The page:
Neil held a number of operational, strategic and corporate executive roles in Parks Victoria before becoming the CEO of the North East Catchment Management Authority in Victoria Australia. He was originally educated in Forest Science with the University of Melbourne, holds an MBA in government policy and reform from Monash University, and did further Executive study at MIT in the USA.
Neil has been recognised for many of his contributions and was World Urban Parks’ 2016 Distinguished Individual Award recipient. In addition to his role at World Urban Parks, Neil has recently been appointed the CEO of Mosaic Insights and Co-Chair of the International National Park City Panel.
Over the past decade Ian and his teams have delivered a $50 million climate adaptation program focussed on strategic green infrastructure interventions in the public realm. This work includes increasing the city’s permeability and urban forest to enhance cooling and mitigate urban heat island impacts, increasing green space and developing a set of stormwater harvesting schemes to reduce reliance on potable water.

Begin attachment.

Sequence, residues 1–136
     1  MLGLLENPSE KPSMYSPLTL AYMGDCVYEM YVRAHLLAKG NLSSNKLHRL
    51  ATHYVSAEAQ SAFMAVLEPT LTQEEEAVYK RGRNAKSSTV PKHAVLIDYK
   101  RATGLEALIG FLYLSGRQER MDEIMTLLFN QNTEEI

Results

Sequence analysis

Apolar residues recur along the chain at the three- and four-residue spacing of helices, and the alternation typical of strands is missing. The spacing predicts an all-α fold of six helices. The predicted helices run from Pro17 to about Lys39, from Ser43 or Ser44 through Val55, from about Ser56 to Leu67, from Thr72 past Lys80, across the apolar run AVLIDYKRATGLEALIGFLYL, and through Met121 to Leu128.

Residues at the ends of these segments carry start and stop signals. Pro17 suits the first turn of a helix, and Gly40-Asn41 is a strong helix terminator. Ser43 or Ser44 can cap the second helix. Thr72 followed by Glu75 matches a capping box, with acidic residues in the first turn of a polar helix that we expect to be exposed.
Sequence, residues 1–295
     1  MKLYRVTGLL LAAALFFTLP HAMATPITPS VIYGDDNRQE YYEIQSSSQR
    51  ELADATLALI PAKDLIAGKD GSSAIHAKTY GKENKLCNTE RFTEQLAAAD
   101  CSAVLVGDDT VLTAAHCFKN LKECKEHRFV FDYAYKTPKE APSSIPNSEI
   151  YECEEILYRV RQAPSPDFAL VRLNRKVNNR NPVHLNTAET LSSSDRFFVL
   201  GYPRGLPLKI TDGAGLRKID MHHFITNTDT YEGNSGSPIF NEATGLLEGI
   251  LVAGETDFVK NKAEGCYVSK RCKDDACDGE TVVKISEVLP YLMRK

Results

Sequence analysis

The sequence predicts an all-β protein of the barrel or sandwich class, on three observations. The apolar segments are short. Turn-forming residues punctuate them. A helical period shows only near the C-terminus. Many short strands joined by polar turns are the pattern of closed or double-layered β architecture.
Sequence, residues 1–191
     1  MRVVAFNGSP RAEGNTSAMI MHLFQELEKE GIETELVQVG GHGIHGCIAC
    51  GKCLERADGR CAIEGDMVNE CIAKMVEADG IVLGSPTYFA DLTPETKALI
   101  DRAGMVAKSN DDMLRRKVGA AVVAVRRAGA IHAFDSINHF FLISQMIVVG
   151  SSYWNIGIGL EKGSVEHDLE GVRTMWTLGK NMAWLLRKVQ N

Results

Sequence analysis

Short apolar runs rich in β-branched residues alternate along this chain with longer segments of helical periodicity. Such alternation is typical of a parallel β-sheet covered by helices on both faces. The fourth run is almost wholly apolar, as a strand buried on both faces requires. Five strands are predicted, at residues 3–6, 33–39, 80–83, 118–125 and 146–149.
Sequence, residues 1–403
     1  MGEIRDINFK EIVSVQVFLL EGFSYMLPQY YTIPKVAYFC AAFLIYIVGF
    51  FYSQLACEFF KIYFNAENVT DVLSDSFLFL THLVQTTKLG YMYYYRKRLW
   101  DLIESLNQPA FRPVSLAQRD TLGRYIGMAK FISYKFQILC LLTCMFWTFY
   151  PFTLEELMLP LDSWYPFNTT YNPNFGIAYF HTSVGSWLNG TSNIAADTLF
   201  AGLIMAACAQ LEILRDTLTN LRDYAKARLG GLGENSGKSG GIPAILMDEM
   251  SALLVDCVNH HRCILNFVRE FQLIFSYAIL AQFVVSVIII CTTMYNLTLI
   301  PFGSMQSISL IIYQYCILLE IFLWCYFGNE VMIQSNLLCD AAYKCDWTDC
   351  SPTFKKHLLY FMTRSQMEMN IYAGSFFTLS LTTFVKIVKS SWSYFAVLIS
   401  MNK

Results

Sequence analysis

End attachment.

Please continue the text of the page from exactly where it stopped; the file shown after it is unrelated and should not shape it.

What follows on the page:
Ian and his team have also been credited with the development of some of Australia’s most progressive environmental policies at a city level including the Urban Forest Strategy and Open Space Strategy. His current policy research focuses on understanding the health and economic benefits of green infrastructure, biodiversity and ecology in cities, integrated water management, urban heat island mitigation, the impacts of climate change and catalysing green roofs and walls.